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Assessing the Impact of Suboptimal Donor Characteristics on Mortality After Liver Transplantation

A Time-dependent Analysis Comparing HCC With Non-HCC Patients

Wallace, David, MSc1,2; Walker, Kate, PhD1; Charman, Susan, MSc1; Suddle, Abid, MD2; Gimson, Alex, MD3; Rowe, Ian, PhD4,5; Callaghan, Chris, PhD6; Cowling, Tom, PhD1; Heaton, Nigel, FRCS2; van der Meulen, Jan, PhD1

doi: 10.1097/TP.0000000000002559
Original Clinical Science—Liver
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Background. Patients who receive a liver transplant for hepatocellular carcinoma (HCC) often receive poorer-quality livers. Tumor recurrence also has a negative effect on posttransplant outcomes. We compared mortality of HCC and non-HCC recipients in different posttransplant time periods (epochs) to separate the impact of these different risk factors on short-term and longer-term posttransplant survival.

Methods. We identified a population-based cohort of first-time liver transplant recipients (aged ≥16 years) between 2008 and 2016 in the United Kingdom. We used Cox regression to estimate hazard ratios (HRs) comparing posttransplant mortality between HCC and non-HCC patients in 3 posttransplant epochs: 0 to 90 days, 90 days to 2 years, and 2 to 5 years, with adjustment first for recipient and later also for donor characteristics.

Results. One thousand two hundred seventy HCC and 3657 non-HCC transplant recipients were included. Five-year posttransplant survival was 74.5% (95% confidence interval [CI] 71.2%–77.5%) in HCC patients and 84.6% (83.0%–86.1%) in non-HCC patients. With adjustment for recipient characteristics only, mortality of HCC patients was lower but not statistically significantly different in the first 90 days (HR, 0.76; 95% CI, 0.53–1.09; P = 0.11), but significantly higher thereafter (90 days to 2 years: HR, 1.99; 95% CI, 1.48–2.66; P < 0.001; 2 to 5 years HR, 1.77; 95% CI, 1.30–2.42; P < 0.001). Further adjustment for donor characteristics had little impact on these results.

Conclusions. HCC recipients have poorer 5-year posttransplant survival than non-HCC recipients, most likely because of tumor recurrence. The more frequent use of poorer-quality donor organs for HCC does not explain this difference.

1 Department of Health Services Research and Policy, London School of Hygiene and Tropical Medicine, London, United Kingdom.

2 Institute of Liver Studies, King’s College Hospital NHS Foundation Trust, London, United Kingdom.

3 The Liver Unit, Addenbrooke’s Hospital, Cambridge University Hospitals NHS Foundation Trust, Cambridge, United Kingdom.

4 Liver Unit, St James’ Hospital and University of Leeds, Leeds, United Kingdom.

5 Leeds Institute for Data Analytics, University of Leeds, Leeds, United Kingdom.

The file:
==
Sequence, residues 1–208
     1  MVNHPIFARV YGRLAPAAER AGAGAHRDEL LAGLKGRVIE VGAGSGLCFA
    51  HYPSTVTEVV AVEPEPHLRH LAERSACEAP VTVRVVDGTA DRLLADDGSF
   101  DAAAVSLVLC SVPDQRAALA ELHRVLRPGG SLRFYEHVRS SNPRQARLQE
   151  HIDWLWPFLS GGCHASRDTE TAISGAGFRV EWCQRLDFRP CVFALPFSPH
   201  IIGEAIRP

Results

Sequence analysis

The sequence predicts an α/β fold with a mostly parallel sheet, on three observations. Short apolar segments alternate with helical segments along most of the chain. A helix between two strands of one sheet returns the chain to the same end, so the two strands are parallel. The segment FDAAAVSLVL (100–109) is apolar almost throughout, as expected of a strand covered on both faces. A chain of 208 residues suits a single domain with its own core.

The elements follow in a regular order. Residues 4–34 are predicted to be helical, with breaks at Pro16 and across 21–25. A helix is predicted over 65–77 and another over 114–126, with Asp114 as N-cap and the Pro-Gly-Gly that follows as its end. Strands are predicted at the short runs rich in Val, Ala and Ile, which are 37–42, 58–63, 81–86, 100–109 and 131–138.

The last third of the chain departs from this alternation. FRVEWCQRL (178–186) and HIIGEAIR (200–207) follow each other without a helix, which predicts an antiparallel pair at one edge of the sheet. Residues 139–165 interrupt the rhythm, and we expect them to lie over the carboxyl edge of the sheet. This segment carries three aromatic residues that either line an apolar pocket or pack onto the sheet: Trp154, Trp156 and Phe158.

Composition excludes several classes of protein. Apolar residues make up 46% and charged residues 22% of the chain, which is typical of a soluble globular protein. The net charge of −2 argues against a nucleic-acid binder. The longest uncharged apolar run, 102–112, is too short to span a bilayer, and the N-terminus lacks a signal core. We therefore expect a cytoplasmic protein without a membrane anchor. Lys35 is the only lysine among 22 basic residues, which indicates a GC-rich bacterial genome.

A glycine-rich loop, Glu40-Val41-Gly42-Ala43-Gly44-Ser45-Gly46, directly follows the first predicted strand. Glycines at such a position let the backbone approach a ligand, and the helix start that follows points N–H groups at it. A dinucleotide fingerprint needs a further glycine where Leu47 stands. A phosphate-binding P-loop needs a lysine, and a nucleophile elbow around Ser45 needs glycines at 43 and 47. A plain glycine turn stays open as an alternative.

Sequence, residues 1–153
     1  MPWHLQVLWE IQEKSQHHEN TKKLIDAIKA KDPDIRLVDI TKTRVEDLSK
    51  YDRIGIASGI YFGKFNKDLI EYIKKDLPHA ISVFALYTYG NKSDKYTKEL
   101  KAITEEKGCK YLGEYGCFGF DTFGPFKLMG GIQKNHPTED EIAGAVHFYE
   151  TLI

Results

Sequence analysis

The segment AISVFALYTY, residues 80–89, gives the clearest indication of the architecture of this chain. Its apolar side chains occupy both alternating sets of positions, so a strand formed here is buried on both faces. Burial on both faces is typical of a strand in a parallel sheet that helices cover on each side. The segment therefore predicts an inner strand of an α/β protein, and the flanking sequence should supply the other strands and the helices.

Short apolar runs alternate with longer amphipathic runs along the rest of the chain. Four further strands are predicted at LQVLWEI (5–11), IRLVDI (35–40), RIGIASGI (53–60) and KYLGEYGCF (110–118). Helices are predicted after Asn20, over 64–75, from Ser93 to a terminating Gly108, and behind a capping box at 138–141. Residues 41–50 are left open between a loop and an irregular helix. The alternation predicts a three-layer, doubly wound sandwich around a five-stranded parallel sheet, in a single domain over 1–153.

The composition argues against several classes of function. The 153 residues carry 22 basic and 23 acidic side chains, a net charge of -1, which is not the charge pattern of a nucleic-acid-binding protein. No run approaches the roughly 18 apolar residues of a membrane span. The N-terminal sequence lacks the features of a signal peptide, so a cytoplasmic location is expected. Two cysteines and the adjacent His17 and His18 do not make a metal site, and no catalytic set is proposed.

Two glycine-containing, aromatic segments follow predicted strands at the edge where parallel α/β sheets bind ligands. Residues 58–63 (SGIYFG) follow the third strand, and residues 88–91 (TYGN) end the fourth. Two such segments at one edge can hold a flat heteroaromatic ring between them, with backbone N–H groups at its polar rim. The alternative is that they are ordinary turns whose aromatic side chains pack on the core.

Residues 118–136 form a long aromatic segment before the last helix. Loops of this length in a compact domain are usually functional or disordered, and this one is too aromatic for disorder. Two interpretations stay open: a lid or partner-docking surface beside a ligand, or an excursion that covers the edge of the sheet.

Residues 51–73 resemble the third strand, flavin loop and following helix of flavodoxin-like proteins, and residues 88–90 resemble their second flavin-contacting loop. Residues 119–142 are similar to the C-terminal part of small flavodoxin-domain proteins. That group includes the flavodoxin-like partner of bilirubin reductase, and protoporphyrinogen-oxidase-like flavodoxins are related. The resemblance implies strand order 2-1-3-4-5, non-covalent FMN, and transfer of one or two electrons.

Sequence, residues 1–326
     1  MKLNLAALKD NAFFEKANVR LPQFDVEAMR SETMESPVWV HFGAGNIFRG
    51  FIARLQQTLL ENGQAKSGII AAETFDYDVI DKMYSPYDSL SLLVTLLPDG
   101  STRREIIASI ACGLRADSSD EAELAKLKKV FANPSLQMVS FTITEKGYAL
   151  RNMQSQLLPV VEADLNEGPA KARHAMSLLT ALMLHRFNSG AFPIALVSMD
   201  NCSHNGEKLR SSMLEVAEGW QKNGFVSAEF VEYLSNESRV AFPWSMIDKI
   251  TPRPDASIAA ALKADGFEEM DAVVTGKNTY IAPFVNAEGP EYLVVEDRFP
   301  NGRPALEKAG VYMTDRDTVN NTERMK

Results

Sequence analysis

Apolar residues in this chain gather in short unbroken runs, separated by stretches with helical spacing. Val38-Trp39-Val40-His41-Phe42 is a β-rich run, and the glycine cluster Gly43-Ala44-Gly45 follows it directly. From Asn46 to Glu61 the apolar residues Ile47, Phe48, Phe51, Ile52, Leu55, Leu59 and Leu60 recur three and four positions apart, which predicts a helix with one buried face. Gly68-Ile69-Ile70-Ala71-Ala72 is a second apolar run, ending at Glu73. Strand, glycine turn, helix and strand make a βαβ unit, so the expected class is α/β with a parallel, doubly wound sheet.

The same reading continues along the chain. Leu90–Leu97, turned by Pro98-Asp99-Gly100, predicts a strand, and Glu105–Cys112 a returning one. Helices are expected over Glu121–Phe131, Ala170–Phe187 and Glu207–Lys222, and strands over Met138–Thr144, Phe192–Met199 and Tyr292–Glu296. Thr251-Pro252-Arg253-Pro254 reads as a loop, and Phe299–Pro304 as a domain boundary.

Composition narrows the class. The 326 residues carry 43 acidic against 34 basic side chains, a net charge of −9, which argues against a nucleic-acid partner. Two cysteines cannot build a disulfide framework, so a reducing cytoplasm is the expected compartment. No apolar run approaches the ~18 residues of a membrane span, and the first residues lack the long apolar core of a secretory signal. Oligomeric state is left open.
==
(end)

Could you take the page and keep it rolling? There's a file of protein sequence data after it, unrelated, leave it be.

6 Department of Transplantation, Renal Unit, Guy’s Hospital, London, United Kingdom.

Received 30 August 2018.

Accepted 3 November 2018.

D.W. is funded by a Doctoral Research Fellowship from the National Institute of Health Research. J.v.d.M. is partly supported by the NHS National Institute for Health Research Collaboration for leadership in Applied Health Research and Care North Thames at Bart’s Health NHS Trust. The funder of the study, National Institute for Health Research, had no role in study design, data collection, data analysis, data interpretation, writing of the report, or the decision to submit for publication. D.W., K.W., and J.v.d.M. had full access to all the data in the study, take responsibility for the integrity of the data and the accuracy of the data analysis, and had final responsibility for the decision to submit for publication.

J.v.d.M. reports grants from Healthcare Quality Improvement Partnership during the conduct of the study. The other authors declare no conflicts of interest.

This report is independent research arising from a Doctoral Research Fellowship (DRF-2016-09-132) awarded to David Wallace and supported by the National Institute for Health Research. The views expressed in this publication are those of the authors and not necessarily those of the NHS, the National Institute for Health Research, Health Education England or the Department of Health.

D.W. involved in the conception of project, literature review, data analysis, interpretation of results, and write up of the manuscript. K.W. involved in the conception of the project, data analysis, interpretation of results, and write up of the manuscript. S.C. involved in the interpretation of results and write up of the manuscript. A.S. involved in the interpretation of results and write up of the manuscript. A.G. involved in the interpretation of results and write up of the manuscript. I.R. involved in the interpretation of results and write up of the manuscript. C.C. involved in the interpretation of results and write up of the manuscript. N.H. involved in the interpretation of results and write up of the manuscript. J.v.d.M. involved in the conception of project, literature review, data analysis, interpretation of results, and write up of the manuscript. All authors have given final approval for this manuscript to be submitted to Transplantation.

Supplemental digital content (SDC) is available for this article. Direct URL citations appear in the printed text, and links to the digital files are provided in the HTML text of this article on the journal’s Web site (www.transplantjournal.com).

Correspondence: David Wallace, MSc, Department of Health Services Research and Policy, London School of Hygiene and Tropical Medicine, London, United Kingdom, WC1H 9SH. (david.wallace@lshtm.ac.uk).

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